Son Heung-min, S. Korea
After a string of eye-catching performances in 2018, lightning-quick Son is looking to add Asian Cup honors to the Asian Games gold he won in Indonesia in September. At the World Cup, Son scored a left-footed stunner against Mexico and an injury-time clincher to send holder Germany out. He has been in scorching form for Tottenham Hotspur in England, scoring eight goals in his last nine league appearances. Among them was the Premier League’s November goal of the month — a quicksilver piece of individual magic against Chelsea — a rocket at Leicester and doubles in the 6-2 rout of Everton and 5-0 Boxing Day thrashing of Bournemouth. He won’t figure in South Korea’s first two matches, under a deal done with Spurs, but class act Son can take the Asian Cup by the scruff of the neck once he touches down in the UAE.
If China is to spring a surprise and reach the latter stages of the tournament, it will need Wu to fire for his country. The forward hit 27 goals in 29 games to top the scoring chart in the Chinese Super League (CSL) and play a major part in Shanghai SIPG’s maiden title triumph. But with a poor supply line in the national side, Wu has been nowhere near as prolific for his country (13 goals in 59 games) and often looks a shadow of the player he is for SIPG. Wu, who has been linked with a move to Chinese-owned English Premier League side Wolverhampton Wanderers, was voted CSL player of the season last year, and with his speed and direct running has the potential to be one of the stars of the tournament.
Prolific striker Mabkhout’s five goals saw him bag the top scorer award at the last Asian Cup as the UAE reached the semifinals. He scored the winner in the third-place playoff and went on to be named the 2015 Asian Player of the Year. Mabkhout lit up the group stages in Australia with the fastest goal in Asian Cup history, just 14 seconds into the UAE’s victory over Bahrain. The 28-year-old, who plays for Al Jazira in Abu Dhabi, has a phenomenal strike rate, having bagged 44 goals for his country in 65 appearances. He will have the extra burden of carrying home hopes — the UAE reached its only previous final as host in 1996, losing to Saudi Arabia — in the absence of injured star playmaker Omar “Amoory” Abdulrahman, the 2016 Asian Player of the Year.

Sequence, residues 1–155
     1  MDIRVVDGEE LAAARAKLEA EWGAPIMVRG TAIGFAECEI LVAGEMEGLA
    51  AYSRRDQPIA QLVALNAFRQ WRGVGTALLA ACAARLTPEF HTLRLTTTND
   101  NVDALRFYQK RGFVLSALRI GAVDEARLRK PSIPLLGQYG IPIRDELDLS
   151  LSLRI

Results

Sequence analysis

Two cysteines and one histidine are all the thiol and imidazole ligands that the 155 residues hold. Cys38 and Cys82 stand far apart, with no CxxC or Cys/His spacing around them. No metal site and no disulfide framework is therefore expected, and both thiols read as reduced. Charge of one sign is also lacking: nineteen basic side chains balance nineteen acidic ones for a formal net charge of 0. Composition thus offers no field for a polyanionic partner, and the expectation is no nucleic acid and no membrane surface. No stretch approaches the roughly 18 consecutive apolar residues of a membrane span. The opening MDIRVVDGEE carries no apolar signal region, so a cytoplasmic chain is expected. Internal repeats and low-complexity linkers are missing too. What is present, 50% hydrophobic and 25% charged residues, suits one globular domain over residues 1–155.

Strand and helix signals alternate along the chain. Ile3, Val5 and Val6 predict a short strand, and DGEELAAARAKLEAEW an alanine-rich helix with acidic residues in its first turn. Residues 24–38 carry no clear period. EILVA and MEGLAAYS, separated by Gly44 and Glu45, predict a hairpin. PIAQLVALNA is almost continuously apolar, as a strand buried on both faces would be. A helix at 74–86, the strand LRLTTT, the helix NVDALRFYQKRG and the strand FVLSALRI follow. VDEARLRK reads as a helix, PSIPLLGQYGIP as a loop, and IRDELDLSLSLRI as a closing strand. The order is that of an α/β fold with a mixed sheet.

As coach Hajime Moriyasu puts his faith in Japan’s hungry, young players at the Asian Cup, captain Maya Yoshida’s experience will be crucial. The 30-year-old Southampton centerback has been a regular feature for his country since making his debut in 2010, helping the Blue Samurai win a record fourth Asian Cup the following year. A no-nonsense defender, Yoshida should be a calming influence when the going gets tough in the UAE. The 89-cap veteran played a key role as Japan reached the last 16 of last year’s World Cup, but had a game to forget as it squandered a two-goal lead in a dramatic 3-2 defeat by Belgium. Yoshida won’t have to face Belgium’s firepower at the Asian Cup but Iran, South Korea and holder Australia should all provide tough tests of his resilience and composure.
The 26-year-old has fast established himself as a first-rate goalkeeper in the English Premier League and is one of the truly worldclass talents at the Asian Cup. At 6 foot (1.84 meters) he is relatively small for a keeper, but he stood tall for newly promoted Brighton last season to help it avoid relegation, and has been equally impressive this year. The Sydney-born Ryan rose to fame with the Central Coast Mariners in Australia’s A-League, earning a move to Belgium’s Club Brugge before a switch to Valencia in La Liga and then Brighton in July 2017. He has played at two World Cups and was a key part of the Socceroos’ winning team at the 2015 Asian Cup. He recently told reporters he was “doing everything I can to replicate that this time”.